Drugs, alcohol, exercise, sex, pornography, gambling....It seems anything pleasurable can become addictive, but how to draw the line between a harmless hobby and a problem? What elements of therapy are most important in helping tackle addictions?
Psychotherapy for persistent and problematic behaviours
It seems that almost anything pleasurable can become addictive. Whether it be drugs, alcohol, exercise, pornography, sex, gambling or the internet, the type of dependencies capable of being formed are almost as varied as the people who form them. But how are they distinguished from a harmless hobby? How much do you have to engage in a certain activity for it to be deemed problematic?
There are no hard and fast rules here, as they are entirely subject to the particulars of each person’s situation, but a general definition of an addiction can be understood as the continued use of a substance or behaviour despite adverse dependency consequences. For example, continuing to drink heavily despite being diagnosed with liver problems, finding ways to carry on gambling even after having to file for bankruptcy because of it, or choosing infidelity and encounters with sex workers even though it is destroying your marriage. We’ve all heard of stories like these either in our own lives, or those of friends, acquaintences or celebrities: what is common to them all are the prioritising of immediate gratification (the addiction) over long term costs.
The mechanisms of addiction are both psychological and physiological. For many, their addiction is all they can think about: even if they are able to maintain many of their usual activities such as employment and relationships, it is always the first thing on their mind when they wake, and the last when they go to sleep, buzzing in the background at all times in between. Also, (particularly for substance-based addictions), physiological effects are common too.
A person may begin for example by using half a gram of cocaine at a time and feeling high. Over time, however, their body will adapt to this and require increasingly larger amounts to achieve the original effects (tolerance), until they find themselves with a habit that is costing them hundreds of pounds a day to maintain. This descent into heavier use can feel hard to escape, especially when horrible psychological and physical (withdrawal) symptoms are experienced when trying to cut down or completely stop. These can include anxiety, irritability, intense cravings, nausea, hallucinations, headaches, cold sweats and tremors.
Here at The House Partnership, our highly qualified therapists have extensive experience in helping a diverse range of people. We work with our clients, helping them to carve their own unique path away from addiction, towards an understanding of how their problems are being maintained, and how to choose responses to their thoughts and feelings that will help them to maintain a commitment to long term payoffs, as opposed to the immediate but damaging gratification of their addictions.
Our therapists are experienced in helping with not only addictions themselves, but also a range of emotional issues which are often related to or underlying them such as low self-esteem, anxiety and depression. Sometimes, the key to abandoning addictive behaviours is actually focussing on the issues they are an attempt to mask or alleviate.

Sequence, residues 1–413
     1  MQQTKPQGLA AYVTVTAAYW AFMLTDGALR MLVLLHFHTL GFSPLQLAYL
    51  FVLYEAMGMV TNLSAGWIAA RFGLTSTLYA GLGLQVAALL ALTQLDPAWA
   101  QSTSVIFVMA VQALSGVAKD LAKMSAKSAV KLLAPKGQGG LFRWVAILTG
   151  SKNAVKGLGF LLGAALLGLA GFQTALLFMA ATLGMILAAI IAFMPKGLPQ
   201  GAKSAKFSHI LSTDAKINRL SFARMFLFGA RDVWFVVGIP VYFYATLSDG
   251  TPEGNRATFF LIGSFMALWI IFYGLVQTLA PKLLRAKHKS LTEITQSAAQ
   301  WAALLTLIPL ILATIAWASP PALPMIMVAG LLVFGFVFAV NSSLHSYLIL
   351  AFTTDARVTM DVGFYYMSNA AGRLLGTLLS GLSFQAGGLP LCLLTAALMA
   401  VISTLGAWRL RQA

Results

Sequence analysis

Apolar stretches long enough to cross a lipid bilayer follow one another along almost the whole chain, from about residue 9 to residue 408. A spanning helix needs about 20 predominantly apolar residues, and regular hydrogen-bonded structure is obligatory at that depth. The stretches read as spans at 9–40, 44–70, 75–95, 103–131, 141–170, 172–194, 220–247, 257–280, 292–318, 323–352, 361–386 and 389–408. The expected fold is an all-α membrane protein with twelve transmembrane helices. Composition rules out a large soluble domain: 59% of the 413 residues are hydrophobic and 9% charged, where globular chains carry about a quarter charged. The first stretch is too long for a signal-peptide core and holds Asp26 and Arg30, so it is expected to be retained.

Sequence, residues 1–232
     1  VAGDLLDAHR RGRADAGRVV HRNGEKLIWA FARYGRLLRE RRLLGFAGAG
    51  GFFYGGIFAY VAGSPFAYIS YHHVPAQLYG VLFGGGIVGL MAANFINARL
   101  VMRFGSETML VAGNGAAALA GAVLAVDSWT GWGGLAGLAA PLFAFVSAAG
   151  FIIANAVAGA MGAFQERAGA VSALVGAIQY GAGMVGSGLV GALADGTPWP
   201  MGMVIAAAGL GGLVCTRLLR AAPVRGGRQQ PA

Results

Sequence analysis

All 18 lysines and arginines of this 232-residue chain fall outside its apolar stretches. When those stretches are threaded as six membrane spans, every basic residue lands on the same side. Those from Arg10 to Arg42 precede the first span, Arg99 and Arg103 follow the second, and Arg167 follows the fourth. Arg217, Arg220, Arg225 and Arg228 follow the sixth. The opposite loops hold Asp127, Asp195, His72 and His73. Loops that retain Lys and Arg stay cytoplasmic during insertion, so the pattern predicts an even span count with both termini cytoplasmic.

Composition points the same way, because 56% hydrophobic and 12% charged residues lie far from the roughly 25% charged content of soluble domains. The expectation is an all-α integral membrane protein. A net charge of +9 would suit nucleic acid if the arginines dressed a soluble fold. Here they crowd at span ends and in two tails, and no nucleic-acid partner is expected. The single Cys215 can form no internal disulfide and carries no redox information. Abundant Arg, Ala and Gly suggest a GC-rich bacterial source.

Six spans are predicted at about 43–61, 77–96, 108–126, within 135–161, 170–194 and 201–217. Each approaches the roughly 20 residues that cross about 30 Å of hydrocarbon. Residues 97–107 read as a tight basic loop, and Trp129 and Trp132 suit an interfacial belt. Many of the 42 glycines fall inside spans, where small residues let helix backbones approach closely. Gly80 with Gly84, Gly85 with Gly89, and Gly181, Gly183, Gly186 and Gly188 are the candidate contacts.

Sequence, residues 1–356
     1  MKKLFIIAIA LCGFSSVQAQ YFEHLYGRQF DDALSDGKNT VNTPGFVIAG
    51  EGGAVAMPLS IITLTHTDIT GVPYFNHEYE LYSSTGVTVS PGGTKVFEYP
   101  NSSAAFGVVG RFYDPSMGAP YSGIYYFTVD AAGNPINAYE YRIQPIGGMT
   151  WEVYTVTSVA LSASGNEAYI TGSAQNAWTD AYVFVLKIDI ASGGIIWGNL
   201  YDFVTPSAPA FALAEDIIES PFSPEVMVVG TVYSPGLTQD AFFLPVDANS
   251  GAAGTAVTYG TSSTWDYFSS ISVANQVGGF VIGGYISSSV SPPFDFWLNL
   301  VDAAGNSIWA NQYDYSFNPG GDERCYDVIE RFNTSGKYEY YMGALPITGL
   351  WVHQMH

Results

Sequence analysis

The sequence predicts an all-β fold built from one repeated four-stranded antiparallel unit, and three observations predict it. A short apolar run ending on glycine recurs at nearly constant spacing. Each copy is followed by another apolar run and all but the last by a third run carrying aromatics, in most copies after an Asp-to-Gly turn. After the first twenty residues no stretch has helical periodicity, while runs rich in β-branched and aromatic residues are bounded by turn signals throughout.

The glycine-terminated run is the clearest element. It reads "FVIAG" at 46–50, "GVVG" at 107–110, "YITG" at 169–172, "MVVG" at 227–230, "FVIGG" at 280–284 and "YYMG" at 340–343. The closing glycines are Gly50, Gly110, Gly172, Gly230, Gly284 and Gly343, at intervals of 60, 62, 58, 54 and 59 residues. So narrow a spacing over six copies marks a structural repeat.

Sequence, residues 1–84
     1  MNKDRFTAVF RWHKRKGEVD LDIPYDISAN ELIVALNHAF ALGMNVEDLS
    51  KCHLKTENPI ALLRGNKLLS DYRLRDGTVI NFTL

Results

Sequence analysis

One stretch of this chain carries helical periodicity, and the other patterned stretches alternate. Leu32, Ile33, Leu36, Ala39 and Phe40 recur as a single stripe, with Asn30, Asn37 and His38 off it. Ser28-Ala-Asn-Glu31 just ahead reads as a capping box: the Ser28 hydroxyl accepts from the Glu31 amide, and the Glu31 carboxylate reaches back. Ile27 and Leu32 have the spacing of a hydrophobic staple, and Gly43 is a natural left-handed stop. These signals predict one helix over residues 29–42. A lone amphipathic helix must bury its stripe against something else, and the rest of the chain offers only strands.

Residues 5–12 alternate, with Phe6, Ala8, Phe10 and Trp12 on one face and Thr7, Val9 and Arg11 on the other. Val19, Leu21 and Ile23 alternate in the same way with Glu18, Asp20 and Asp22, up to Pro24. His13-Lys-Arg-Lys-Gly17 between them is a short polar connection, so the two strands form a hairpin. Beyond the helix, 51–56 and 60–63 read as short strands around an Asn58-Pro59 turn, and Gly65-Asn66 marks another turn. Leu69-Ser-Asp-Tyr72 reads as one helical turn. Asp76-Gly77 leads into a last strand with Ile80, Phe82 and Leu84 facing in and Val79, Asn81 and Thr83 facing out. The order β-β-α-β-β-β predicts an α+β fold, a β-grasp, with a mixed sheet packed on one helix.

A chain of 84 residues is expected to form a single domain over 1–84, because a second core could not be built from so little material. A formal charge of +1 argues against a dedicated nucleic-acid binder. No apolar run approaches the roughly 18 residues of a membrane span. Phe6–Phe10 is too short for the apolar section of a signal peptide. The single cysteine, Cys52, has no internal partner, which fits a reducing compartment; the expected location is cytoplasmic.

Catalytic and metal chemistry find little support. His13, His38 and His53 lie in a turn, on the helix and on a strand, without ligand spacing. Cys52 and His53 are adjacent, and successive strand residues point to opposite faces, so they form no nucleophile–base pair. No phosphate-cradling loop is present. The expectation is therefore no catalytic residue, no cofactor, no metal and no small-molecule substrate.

Just as no two clients or their concerns are exactly the same, so therapy itself cannot be ‘one size fits all’. Recovery is a deeply personal and unique process, and there is no single ‘right’ way to recover from addiction. Our addiction therapists have been trained in a number of therapeutic approaches which they tailor to the exact needs of each individual. They build their therapeutic solution around the client, rather than trying to force each person they see to fit the same theory of approach.
Therapy, particularly for addictions, is not something that can be done ‘to’ you. It is an active, collaborative process and, though the expertise of the therapist is important, the greatest catalyst for change must always be the client themselves. Approaching us for help in the first place is often the hardest and most important step, for this requires two important factors crucial for successful recovery: a recognition that your behaviours are problematic, and a willingness to change.
Crucial to The House Partnership’s approach to addiction therapy is a culture of openness and acceptance. Unlike hardline ‘abstinence-only’ approaches such as the 12 step program in the USA (where people are expelled from help for the slightest mishap), we do not view relapse as a ‘back to square one’ situation that you should be punished for (though that is not to say that relapse is encouraged!).
Recovery from addiction is rarely a straighforward, linear process in which you decide to stop and never engage in addictive behaviours again. Indeed, if it was that easy, nobody would need the help of a therapist! Of course, relapses are setbacks, but they don’t have to negate all your prior hard work, or mean that recovery is impossible. Periods of relapse are when the most help and support is needed, not abandonment or shaming. We encourage you to use these frustrating situations for productive ends, as a chance to learn your ‘triggers’ or warning signs for relapse, and how to mitigate them.
In this way, we maintain a non-judgemental position, in which our clients can feel comfortable in being open and honest with us without fear of being looked down on or punished. A positive therapeutic relationship between client and therapist is a critical factor for success – often more critical than the therapeutic approach chosen – and it is one that we recognise must be underpinned by trust.